“DO IT AND I’LL SUE!!!”
“WE’LL SEE YOU IN COURT!!”
“SUE THE BASTARD FOR ALL HE’S WORTH.”
Do any of these quotes sound familiar to you? Litigation as a recourse for resolving disputes has been the standard practice for generations, but ask yourself, is it always the best way? I don’t know about you, but those statements above sound a lot like blanket threats to me—not very resolving at all. In fact, using litigation to prove who is right is no different than getting into a fist-fight with the person because they both create a win-lose outcome.
What’s wrong with win-lose? Doesn’t that solve the problem?
Well, litigation and fist-fighting both create a solution to settle a dispute by definitely naming one side the victor and the other side the loser. That might be all and well, except that it does not cover the underlying emotions and needs of both parties in the dispute. No one wants to be labeled as the villain in the matter and deep resentment, even revenge are often generated because of such a win-lose process. Think of two neighbors who are having a dispute about ownership of a tree. One party decides to sue the other party in small claims court and the judge awards the position of the winner and the loser. That might be fine if the other side is unwilling to cooperate in the matter, but there is an even greater emotional need that is not being met here. Both neighbors will have to leave the courtroom and go back to their respective homes and live next to each other for quite some time. Is drawing blood the best recourse for them to settle their dispute when they still have to maintain something of an ongoing relationship to one another? Probably not.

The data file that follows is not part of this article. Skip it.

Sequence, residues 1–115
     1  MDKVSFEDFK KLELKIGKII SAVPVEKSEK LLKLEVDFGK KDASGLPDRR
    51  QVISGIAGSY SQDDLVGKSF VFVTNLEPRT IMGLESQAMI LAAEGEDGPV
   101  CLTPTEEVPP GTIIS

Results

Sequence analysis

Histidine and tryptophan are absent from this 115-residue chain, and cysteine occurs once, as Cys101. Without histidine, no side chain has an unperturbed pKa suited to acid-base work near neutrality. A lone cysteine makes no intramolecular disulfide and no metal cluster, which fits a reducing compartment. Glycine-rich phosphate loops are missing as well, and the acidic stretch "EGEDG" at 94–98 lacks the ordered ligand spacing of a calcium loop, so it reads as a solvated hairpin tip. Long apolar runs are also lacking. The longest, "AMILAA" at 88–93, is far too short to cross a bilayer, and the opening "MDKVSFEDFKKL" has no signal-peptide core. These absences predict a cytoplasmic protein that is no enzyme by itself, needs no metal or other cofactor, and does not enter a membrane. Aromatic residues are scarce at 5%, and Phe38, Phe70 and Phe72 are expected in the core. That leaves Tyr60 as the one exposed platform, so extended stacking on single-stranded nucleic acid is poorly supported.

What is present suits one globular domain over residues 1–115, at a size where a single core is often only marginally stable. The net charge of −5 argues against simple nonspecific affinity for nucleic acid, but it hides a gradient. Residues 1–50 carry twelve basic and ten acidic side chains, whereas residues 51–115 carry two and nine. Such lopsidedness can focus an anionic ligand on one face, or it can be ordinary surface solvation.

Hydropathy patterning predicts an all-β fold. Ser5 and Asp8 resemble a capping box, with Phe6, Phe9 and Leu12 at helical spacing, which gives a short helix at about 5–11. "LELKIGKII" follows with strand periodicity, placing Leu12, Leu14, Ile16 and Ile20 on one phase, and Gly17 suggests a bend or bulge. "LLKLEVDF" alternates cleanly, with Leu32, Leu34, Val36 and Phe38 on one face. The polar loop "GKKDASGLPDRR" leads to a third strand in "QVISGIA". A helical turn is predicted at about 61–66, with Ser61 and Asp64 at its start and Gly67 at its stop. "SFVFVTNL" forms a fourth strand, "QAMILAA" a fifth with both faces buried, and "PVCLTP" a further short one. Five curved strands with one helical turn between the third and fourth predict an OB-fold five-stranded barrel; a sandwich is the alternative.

So how can a dispute be settled differently?
Litigation represents one avenue of dispute resolution—the last line of defense, if you will. In dealing with conflict, there is a force continuum that we should follow: effective communication, direct negotiation, mediation, and finally litigation. Too often, people decide to skip steps and go directly for the lethal force—the litigation, primarily because its what they know and have grown accustom to by television and media. Litigation is popular. The skipped step is mediation, which should be viewed as the bridge between negotiation and litigation. Mediation is where both parties come together along with a neutral third-party mediator. The mediator neither decides nor advises either party on their decisions, but rather helps unlock them from their positions so that a mutually-agreeable solution can be reached. Because both parties create and agree on the solution together, neither side feels the resentment or anger left experienced after a court decision. Mediation is voluntary, so both parties always retain their rights to proceed with litigation if they want, but they often find that collaboration is better than competition.
In my workshops, I teach that force against force merely proves who is stronger. It does very little to solve the underlying problems and meet the needs that are hidden underneath. Instead of working against the person, set aside the emotion and focus on solving the problem. Use direct negotiation techniques or mediation to aid you in reaching an amicable solution.
Tristan Loo is an experienced negotiator and an expert in conflict resolution. He is the author of Street Negotiation–How To Resolve Any Conflict Anytime. He uses his law enforcement experience to train others in the prinicples of defusing conflict and reaching agreements. Visit his website at http://www.acrsonline.com or e-mail him directly at firstname.lastname@example.org
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